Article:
A small trouble is like a pebble. Hold it too close to your eye and it fills the whole world and puts everything out of focus. Hold it at a proper viewing distance and it can be examined and properly classified. Throw it at your feet and it can be seen in its true setting, just one more tiny bump on the pathway to eternity.
There is no outward sign of politeness which has not a deep, moral reason. Behavior is a mirror in which every one shows his own image. There is a politeness of the heart akin to love, from which springs the easiest politeness of outward behavior... Politeness is not always a sign of wisdom, but the want of it always leaves room for the suspicion of folly.
Man is in his actions and practice, as well as in his fictions, essentially a story-telling animal. He is not essentially, but becomes through is history, a teller of stories that aspire to truth. But the key question for men is not about their own authorship; I can only answer the question ‘What am I to do?’ if I can answer the prior question, ‘Of what story or stories do I find myself a part?’ We enter human society, that is, with one or more imputed characters - roles into which we have been drafted - and we have to learn what they are in order to be able to understand how others respond to us and how our responses to them are a part to be construed... Deprive children of stories and you leave them unscripted, anxious strutters in their actions as in their words. Hence there is no way to give us an understanding of any society, including our own, except through the stock of stories which constitute its initial dramatic resource. Mythology, in its original sense, is at the heart of things. Vico was right and so was Joyce. And so too of course is that moral tradition fro heroic society to its medieval heirs according to which the telling of stories has a key part in educating us into the virtues.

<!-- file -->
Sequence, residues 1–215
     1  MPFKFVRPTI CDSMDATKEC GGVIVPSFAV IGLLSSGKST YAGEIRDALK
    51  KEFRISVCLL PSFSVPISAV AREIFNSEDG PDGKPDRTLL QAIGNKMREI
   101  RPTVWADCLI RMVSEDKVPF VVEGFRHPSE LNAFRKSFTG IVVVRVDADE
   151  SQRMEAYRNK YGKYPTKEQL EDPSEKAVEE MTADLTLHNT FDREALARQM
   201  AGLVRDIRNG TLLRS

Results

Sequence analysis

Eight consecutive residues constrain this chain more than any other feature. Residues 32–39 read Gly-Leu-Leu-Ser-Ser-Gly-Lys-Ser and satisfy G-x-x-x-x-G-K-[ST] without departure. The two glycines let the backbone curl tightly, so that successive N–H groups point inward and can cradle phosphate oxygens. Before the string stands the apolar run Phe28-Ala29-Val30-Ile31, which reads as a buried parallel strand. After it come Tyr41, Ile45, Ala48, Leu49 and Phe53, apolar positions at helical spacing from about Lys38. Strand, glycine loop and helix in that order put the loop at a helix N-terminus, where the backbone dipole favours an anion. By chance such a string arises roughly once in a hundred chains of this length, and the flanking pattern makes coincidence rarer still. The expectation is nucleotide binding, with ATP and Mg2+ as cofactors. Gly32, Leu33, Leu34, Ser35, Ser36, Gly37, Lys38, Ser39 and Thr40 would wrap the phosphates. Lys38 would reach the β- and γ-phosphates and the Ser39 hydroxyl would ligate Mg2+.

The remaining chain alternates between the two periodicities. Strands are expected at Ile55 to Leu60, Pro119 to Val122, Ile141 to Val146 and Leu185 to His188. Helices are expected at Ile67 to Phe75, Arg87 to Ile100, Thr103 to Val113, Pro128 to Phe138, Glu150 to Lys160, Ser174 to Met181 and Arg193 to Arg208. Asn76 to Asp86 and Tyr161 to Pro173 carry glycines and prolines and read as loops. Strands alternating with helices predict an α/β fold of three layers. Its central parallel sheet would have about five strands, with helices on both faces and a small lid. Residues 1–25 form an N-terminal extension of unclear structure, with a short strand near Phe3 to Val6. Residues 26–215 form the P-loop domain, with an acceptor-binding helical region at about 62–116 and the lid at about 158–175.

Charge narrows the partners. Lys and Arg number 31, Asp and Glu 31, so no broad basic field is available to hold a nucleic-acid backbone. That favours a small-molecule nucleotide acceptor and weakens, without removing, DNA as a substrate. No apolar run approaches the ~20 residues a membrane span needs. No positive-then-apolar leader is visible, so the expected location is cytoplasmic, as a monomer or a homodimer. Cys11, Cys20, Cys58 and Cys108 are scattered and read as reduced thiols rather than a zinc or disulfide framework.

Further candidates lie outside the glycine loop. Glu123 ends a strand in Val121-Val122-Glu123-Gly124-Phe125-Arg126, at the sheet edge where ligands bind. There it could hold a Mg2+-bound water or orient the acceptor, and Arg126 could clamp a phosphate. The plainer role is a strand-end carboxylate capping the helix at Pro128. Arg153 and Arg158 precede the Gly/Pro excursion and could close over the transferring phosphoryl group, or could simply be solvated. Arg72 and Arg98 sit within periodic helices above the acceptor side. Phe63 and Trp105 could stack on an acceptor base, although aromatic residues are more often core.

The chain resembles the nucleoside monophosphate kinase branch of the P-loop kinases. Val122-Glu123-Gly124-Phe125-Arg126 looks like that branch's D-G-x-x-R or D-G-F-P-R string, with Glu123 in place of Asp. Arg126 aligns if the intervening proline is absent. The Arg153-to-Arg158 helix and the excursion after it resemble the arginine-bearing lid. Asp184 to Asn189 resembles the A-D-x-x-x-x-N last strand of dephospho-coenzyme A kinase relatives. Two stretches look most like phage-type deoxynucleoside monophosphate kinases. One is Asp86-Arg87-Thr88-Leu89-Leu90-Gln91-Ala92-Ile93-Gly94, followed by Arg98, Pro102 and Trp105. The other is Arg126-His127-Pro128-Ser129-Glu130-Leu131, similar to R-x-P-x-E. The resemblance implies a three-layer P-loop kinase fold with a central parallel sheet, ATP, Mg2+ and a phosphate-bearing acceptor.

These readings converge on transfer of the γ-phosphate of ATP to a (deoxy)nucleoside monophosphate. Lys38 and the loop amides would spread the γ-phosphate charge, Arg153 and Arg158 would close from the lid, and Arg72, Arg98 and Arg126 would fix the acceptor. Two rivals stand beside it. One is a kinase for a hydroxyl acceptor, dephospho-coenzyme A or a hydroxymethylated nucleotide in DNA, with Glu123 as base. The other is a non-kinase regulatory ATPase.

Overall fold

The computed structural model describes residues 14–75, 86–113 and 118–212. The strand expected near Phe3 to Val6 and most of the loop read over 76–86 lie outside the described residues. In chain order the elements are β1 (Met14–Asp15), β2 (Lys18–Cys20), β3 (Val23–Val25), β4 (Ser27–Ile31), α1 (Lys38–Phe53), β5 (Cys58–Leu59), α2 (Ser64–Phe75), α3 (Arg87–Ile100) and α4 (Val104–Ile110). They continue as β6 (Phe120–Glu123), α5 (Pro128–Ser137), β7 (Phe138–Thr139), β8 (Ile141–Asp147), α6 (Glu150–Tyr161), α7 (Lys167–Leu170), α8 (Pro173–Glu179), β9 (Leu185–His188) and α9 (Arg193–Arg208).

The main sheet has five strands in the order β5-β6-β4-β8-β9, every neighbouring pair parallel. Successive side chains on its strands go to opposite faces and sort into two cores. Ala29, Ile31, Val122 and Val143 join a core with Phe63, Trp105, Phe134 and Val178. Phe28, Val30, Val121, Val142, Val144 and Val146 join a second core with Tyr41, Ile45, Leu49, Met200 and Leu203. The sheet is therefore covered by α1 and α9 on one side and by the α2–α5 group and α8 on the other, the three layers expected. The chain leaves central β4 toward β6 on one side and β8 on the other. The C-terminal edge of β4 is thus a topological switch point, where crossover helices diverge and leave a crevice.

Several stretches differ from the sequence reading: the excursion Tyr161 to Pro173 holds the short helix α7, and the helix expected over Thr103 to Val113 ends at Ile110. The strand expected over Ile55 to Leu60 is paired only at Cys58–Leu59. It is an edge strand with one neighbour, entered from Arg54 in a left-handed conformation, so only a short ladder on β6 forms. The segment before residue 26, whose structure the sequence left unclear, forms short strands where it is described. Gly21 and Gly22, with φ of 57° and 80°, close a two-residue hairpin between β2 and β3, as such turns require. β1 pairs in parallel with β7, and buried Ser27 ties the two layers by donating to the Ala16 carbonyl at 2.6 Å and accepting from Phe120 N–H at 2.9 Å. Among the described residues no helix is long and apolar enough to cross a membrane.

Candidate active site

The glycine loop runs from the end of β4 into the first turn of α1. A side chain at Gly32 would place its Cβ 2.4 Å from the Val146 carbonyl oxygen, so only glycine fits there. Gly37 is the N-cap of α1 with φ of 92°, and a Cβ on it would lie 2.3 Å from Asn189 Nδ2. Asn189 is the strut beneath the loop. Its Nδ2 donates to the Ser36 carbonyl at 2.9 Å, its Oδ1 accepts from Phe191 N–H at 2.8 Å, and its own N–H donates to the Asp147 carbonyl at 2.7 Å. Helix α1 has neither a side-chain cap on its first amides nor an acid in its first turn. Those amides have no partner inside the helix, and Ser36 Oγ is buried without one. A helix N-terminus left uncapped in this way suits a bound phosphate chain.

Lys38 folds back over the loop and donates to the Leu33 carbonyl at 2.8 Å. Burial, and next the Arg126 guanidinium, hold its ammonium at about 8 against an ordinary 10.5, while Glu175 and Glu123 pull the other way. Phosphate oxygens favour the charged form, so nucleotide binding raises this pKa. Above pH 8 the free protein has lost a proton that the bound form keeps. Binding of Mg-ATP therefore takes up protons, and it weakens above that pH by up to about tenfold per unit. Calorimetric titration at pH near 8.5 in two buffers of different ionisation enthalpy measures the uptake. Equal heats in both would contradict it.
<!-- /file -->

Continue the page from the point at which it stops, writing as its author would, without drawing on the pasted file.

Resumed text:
Age, when it does not harden the heart and sour the temper, naturally returns to the milky disposition of infancy. Time as the same effect upon the mind as on the face. The predominant passion, the strongest feature, becomes more conspicuous from the others retiring.
Laughter, indeed, is God’s therapy... in order that we might understand that at the heart of our mortal existence there lies a mystery, at once unutterably beautiful and hilariously funny.
Petty vexations may at times be petty, but still they are vexations. The smallest and most inconsiderable annoyances are the most piercing. As small letters weary the eye most, so also the smallest affairs disturb us most.
If everyone were clothed with integrity, if every heart were just, frank, kindly, the other virtues would be well-nigh useless, since their chief purpose is to make us bear with patience the injustice of our fellows.
The worth and value of a man is in his heart and his will; there lies his real honor. Valor is the strength, not of legs and arms, but of heart and soul.
Programmes of a political nature are important and products of social quality that can be effective only if the underlying structure of social values is right. The social values are right only if the individual values are right. The place to improve the world is first in one’s own heart and head and hands, and then work outside from there.